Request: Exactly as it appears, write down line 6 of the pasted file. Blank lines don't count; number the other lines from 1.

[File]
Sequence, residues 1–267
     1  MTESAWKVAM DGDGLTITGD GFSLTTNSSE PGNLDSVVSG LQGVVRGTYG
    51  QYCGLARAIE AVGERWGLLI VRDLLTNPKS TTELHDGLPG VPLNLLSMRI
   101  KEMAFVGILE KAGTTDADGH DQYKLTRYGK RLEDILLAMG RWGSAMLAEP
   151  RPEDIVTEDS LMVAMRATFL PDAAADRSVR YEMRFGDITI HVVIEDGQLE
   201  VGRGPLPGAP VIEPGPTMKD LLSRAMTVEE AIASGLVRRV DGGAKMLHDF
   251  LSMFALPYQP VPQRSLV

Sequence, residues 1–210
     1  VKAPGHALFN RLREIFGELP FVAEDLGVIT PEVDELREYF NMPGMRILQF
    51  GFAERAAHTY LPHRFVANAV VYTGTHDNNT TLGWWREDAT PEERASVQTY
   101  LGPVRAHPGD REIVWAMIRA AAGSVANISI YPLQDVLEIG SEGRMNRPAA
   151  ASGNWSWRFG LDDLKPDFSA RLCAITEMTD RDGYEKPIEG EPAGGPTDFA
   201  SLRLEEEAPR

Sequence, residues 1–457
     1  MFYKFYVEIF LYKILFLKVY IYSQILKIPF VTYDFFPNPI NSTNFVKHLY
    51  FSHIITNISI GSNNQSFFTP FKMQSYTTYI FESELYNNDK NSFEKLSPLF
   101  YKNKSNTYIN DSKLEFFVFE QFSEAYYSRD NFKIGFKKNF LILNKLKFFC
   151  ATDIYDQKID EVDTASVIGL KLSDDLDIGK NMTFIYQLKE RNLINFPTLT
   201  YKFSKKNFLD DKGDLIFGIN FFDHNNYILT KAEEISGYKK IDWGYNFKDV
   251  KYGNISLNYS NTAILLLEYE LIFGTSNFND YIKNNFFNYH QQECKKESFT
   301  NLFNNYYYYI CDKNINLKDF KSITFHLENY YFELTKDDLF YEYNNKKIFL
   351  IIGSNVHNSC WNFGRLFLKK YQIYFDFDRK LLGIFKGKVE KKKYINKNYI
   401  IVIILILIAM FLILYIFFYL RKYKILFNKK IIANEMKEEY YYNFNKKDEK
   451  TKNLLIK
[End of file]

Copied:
   201  VGRGPLPGAP VIEPGPTMKD LLSRAMTVEE AIASGLVRRV DGGAKMLHDF